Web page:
Cloud Computing Poses Control Issues for IT

As data moves into the cloud, one of the most precious things that IT leaders will need to give up is some level of control. Will vendors be able to strike a palatable balance between IT's need for agility and control?

By Kevin Fogarty
Wed, May 12, 2010

CIO — Though most U.S. companies still list customer and other corporate information as their most valuable assets, many keep pushing this data farther from safe lockdown in the data center—and are about to give it another strong shove in that direction.

Cloud computing and efforts to virtualize internal storage, servers, client hardware and even the movement of bits in and out of a server allows IT to design systems according to the needs of end users, rather than the location and limitations of on-site hardware.

One common fear about data in the cloud: What happens to it once it leaves building?

End-user companies probably won't completely lose track of data in the cloud, according to Chris Wolf, infrastructure and virtualization analyst at The Burton Group. They are likely to lose some level of control over not only who accesses the data, but also when and for what purpose, he says.

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On a related note, companies must also be able to audit usage of sensitive data, keep restricted data in Europe or other places where regulations are tight, and comply with all the other requirements spreading out to define proper use of corporate data.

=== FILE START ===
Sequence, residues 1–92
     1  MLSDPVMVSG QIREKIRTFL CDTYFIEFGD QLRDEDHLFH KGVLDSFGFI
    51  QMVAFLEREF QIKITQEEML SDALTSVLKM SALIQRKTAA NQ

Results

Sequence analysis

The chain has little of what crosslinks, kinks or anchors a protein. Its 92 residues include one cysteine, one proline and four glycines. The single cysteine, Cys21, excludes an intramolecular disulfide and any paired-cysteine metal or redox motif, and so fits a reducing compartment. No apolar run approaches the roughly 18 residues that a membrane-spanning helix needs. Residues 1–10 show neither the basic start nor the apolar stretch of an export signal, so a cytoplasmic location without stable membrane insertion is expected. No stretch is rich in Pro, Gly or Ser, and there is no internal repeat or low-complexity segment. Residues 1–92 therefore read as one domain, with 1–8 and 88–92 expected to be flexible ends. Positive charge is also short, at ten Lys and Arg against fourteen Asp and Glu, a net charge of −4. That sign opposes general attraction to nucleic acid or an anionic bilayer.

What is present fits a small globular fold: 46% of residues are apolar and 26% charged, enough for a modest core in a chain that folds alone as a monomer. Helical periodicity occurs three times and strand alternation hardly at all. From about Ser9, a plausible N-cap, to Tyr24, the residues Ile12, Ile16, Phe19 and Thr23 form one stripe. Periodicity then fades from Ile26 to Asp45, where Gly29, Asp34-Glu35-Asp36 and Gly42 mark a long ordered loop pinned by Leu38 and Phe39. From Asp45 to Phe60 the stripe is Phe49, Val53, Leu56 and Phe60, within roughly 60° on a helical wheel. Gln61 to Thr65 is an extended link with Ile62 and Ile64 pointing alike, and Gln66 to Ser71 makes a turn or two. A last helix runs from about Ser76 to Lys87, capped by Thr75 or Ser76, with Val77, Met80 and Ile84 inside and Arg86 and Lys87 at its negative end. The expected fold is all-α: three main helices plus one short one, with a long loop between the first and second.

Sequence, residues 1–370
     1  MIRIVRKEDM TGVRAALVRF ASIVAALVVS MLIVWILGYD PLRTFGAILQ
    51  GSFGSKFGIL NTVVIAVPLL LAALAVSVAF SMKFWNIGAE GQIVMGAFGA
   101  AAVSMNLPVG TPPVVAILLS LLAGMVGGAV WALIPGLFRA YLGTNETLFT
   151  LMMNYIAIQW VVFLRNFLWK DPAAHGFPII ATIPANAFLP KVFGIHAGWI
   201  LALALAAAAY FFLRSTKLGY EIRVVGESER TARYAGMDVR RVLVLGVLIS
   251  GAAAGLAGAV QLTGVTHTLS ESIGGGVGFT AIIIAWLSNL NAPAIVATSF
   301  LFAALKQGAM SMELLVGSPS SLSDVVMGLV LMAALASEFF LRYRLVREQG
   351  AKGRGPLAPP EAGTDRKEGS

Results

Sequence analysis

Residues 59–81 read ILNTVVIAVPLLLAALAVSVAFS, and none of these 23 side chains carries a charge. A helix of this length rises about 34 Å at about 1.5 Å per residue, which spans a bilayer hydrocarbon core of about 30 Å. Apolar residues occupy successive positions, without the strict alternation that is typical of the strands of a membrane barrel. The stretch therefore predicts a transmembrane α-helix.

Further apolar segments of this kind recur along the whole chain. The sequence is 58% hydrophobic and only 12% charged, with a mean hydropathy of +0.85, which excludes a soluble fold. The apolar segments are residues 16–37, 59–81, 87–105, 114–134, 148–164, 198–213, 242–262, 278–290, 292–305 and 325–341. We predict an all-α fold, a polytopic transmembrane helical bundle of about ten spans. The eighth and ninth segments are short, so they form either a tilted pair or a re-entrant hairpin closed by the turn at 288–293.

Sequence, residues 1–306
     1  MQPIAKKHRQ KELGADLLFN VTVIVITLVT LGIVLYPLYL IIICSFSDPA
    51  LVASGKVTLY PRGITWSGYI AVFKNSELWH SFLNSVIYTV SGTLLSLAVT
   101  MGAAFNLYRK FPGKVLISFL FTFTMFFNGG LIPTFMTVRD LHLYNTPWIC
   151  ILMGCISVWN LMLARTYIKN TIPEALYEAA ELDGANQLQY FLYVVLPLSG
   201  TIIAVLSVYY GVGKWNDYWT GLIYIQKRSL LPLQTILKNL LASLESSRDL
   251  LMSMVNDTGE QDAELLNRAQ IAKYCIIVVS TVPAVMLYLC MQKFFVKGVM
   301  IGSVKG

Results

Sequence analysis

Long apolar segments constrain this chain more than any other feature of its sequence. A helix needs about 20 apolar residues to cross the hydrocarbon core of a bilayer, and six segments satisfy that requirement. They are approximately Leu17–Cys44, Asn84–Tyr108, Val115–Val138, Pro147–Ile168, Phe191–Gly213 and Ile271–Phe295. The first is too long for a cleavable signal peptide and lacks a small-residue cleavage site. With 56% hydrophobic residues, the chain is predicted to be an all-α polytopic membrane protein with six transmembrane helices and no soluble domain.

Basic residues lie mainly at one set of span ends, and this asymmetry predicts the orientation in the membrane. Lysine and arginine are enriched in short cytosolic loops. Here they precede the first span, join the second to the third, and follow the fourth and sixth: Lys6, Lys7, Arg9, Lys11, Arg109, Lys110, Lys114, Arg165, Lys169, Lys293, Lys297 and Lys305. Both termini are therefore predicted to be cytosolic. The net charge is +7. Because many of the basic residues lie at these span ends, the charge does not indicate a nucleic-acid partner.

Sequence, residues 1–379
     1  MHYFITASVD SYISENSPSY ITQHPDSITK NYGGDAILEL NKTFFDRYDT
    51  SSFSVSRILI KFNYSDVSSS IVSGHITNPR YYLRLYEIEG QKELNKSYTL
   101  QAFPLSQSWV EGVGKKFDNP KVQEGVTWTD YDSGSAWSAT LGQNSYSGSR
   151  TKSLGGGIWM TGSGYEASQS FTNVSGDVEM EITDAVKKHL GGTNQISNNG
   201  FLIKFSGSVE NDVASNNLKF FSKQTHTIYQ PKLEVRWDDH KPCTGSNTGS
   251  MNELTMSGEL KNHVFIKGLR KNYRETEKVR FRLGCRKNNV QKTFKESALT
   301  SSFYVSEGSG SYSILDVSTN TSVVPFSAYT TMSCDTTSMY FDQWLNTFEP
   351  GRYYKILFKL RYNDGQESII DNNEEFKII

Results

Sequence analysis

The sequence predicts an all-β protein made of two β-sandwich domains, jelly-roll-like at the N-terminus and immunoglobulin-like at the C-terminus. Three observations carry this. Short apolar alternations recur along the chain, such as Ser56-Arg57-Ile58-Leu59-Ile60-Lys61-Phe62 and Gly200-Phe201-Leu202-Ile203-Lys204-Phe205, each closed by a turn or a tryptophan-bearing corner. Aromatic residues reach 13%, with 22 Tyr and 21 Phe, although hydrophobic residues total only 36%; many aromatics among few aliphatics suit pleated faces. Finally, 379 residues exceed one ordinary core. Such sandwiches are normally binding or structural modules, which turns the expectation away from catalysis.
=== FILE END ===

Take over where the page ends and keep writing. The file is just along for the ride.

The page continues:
It's not a disaster waiting to happen, but the control issue will keep many companies from using cloud technology, or even advanced storage technology, to its best advantage, Wolf says.

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EMC (EMC), for example, is developing technology for its high-end storage products that goes far beyond current storage virtualization technology, which still associates storage volumes with specific spindles or storage arrays, according to Brian Gallagher, general manager of EMC's EMC Symmetrix and virtual products groups.

"Virtual Storage," would make it possible to make the most cost-effective use of storage hardware and move data around at need, or at whim, Gallagher says.

"Theoretically, you could shift terabytes or petabytes of data from New York to Alaska for batch-processing overnight because the power in the Alaska data center is so much cheaper than New York," Gallagher says. "You should be able to do that from one console, almost with a couple of mouse clicks or drag-and-drop."

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Losing critical data in the cloud isn't a huge issue right now, mostly because companies that want to put data that's more critical than a Gmail account into the cloud keep that data on internal clouds, or keep the whole cloud within their own walls, according to Bill Gillis, eHealth technical director, Beth Israel Deaconess Medical Center in Boston.

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